AU: 3.0
Programme: ELH(HSS)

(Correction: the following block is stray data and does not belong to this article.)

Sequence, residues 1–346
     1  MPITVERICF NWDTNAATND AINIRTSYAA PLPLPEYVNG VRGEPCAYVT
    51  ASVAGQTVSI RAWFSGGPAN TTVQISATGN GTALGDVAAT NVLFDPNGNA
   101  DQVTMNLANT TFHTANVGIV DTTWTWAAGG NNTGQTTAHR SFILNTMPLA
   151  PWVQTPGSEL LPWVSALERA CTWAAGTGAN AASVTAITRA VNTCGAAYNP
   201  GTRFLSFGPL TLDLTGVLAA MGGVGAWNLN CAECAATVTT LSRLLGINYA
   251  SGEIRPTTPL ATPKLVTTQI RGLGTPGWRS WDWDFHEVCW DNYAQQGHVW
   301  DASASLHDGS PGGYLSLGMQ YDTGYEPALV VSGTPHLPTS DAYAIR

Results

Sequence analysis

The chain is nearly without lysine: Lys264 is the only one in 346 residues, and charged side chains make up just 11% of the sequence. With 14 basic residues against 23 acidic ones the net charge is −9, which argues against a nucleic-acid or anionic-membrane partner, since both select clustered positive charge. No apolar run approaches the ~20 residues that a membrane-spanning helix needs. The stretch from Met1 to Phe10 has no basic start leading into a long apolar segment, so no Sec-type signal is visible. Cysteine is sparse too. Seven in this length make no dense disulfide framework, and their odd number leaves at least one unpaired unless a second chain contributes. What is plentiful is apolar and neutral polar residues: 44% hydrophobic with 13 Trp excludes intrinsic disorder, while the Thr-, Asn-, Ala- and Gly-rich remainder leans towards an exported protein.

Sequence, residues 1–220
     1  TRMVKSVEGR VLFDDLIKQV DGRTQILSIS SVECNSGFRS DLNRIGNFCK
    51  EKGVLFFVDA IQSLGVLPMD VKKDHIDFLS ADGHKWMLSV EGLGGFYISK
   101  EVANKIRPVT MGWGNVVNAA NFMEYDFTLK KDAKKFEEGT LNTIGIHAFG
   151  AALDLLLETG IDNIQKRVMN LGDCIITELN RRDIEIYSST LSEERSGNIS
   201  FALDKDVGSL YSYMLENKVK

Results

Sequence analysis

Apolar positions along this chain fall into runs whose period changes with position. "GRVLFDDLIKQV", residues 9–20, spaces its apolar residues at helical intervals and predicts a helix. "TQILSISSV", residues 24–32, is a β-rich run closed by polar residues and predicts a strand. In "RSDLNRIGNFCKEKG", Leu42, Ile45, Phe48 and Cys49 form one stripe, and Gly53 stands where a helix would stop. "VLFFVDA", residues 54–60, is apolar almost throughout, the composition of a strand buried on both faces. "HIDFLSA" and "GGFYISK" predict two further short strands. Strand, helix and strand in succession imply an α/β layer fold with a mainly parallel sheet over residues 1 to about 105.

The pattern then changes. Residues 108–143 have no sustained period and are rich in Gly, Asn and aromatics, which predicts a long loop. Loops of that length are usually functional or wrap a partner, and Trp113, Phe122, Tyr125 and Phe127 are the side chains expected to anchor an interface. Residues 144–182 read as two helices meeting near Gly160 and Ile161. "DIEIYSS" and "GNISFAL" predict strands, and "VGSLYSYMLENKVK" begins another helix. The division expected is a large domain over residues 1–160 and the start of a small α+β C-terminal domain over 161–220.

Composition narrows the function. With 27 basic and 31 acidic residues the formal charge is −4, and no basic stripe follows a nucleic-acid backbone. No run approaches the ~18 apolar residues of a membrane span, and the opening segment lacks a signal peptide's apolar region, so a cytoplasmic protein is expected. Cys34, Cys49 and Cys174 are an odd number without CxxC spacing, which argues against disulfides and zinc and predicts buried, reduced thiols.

Throughout the 'long eighteenth century', Britain was regarded not only as a land of liberty and opportunity, but also as a nation of eccentrics whose works challenged, and helped to change, the intellectual, cultural, social and political norms prevalent in Europe at the time. This module explores a selection of issues that define the age of sensibility and romanticism and left lasting implications. These include: the coming-of-age of the personal and the critical essay; a new interest in the relation between the individual and society; a passion for travel and the delight in playfully exploring 'otherness'; the rise of an obsession with nation, landed property and designer goods; a fascination with the past and tradition, and the revaluation of Shakespeare; the absorption with the self, and the development of a culture of sensibility; the extension of education to women; the discovery of childhood; the relation between enlightenment thinking and political radicalism; and, especially, the gradual emergence, from early journalism to the Gothic novel, of a literature that investigates both social conscience and the inner life of the individual. We shall trace and discuss these issues as they express themselves in a selection of poems, prose works, and novels, as well as in other forms of cultural expression such as painting, architecture, landscape gardening, and costume.